SHORT EXTRACT from a 32 page (A4), 8,500 word, colour illustrated EBOOK:
Marriage has always been a time to rejoice and celebrate the
union of two people and through the ages traditions and superstitions have
been passed on from generation to generation. Some may have altered a
little with the passing of time, but overall, itís surprising just how many
have survived intact.
For example accessories havenít particularly changed. The brideís garter, very popular
today, used to be an essential part of the proceedings many centuries before. This is because
during the ceremony it was invariably snatched by one of the young men attending the celebration
as it was supposed to bring good luck concerning matters of the heart.
Again, the bride has carried flowers for many centuries, but originally they were
posies of herbs because their scent were thought to ward off evil spirits.
Before the reformation, the church only allowed marriages to take place at certain
times of the year in order to avoid main festivals. The time of the wedding was also considered
to be crucial. Most civil marriages took place during the day, usually before noon
until the 1880ís. As far as months of the year go, the poem below tells which it was best to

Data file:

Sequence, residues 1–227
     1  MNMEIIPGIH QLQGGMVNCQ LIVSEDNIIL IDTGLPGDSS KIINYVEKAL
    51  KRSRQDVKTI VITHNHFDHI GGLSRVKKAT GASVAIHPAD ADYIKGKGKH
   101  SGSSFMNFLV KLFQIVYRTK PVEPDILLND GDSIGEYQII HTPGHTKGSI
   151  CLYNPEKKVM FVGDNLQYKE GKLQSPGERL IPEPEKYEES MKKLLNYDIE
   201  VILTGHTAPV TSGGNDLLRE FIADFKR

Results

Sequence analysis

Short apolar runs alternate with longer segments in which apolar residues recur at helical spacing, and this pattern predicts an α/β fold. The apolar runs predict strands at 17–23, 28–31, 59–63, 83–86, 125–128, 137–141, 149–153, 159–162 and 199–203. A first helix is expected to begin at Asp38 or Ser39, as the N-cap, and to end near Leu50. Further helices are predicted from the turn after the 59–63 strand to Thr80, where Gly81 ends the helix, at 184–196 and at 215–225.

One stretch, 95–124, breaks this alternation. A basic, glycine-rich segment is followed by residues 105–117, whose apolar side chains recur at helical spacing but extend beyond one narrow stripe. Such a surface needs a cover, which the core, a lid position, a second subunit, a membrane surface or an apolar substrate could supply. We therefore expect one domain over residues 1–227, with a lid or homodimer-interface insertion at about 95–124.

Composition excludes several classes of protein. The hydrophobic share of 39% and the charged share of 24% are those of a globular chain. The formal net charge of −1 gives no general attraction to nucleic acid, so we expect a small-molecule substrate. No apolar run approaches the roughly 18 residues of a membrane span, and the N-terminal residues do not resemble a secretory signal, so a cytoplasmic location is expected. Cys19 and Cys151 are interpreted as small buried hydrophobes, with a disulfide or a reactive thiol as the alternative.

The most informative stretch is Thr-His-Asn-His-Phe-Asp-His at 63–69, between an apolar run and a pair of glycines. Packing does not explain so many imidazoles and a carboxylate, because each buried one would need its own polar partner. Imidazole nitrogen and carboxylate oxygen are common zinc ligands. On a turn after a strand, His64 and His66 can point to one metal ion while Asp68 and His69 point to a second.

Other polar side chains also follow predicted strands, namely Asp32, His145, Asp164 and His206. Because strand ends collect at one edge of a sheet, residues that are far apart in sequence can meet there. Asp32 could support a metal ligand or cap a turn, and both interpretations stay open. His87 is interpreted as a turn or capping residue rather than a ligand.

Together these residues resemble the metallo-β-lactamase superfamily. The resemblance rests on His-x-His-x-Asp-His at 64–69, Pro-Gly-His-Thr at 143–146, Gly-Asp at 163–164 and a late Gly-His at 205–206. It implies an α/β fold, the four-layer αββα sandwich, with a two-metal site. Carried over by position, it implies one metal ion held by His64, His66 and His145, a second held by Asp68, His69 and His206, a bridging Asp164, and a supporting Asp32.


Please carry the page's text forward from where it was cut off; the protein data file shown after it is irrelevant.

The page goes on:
Marry in May and youíll rue the day
Marry when the year is new, always loving, always true
Marry in Lent and youíll repent
Marry in June, roses grow and overland and seas youíll go
The giving of a ring is also an age-old tradition and is supposed to indicate the
eternity of a union.
The different precious and semi-precious stones in the engagement ring have
for centuries, symbolised treasured qualities. For example the diamond denotes faith,
success and affection.
One surprising thing that my research threw up, is that regarding the Ďtraditional colourí
of the wedding gown - there isnít one! So although, white may be thought of as the
traditional dress colour, brides of the past seem to have had much more choice.
For example, medieval brides tended to wear bright colours. Red was
particularly popular in Tudor times.
Marriage is usually solemnised by a public demonstration, usually a religious
ceremony or, as in the case of primitive societies, magic ritual.
But most have common elements such as; reputedly lucky and unlucky times to wed,
special clothing, lucky charms, music and dancing. Like today, most celebrations ended with a triumphal procession and feast during which the couple are toasted and presented with gifts.
Surpisingly, ancient Egyptians were doing much the same over five thousand years ago!
A full length ebook version of this article is available here.
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